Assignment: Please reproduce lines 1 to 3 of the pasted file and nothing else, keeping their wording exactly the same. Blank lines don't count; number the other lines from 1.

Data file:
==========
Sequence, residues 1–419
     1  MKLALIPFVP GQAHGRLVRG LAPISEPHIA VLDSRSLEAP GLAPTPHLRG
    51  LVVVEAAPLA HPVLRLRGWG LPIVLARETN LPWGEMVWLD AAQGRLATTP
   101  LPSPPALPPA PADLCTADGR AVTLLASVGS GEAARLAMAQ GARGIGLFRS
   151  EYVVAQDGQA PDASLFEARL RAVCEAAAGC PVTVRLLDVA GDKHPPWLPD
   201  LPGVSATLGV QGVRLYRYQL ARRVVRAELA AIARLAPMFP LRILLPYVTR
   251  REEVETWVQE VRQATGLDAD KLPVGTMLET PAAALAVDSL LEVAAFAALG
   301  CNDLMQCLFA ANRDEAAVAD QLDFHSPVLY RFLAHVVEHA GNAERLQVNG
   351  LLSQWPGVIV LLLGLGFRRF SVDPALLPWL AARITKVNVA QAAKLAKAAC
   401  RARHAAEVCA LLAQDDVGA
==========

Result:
Sequence, residues 1–419
     1  MKLALIPFVP GQAHGRLVRG LAPISEPHIA VLDSRSLEAP GLAPTPHLRG
    51  LVVVEAAPLA HPVLRLRGWG LPIVLARETN LPWGEMVWLD AAQGRLATTP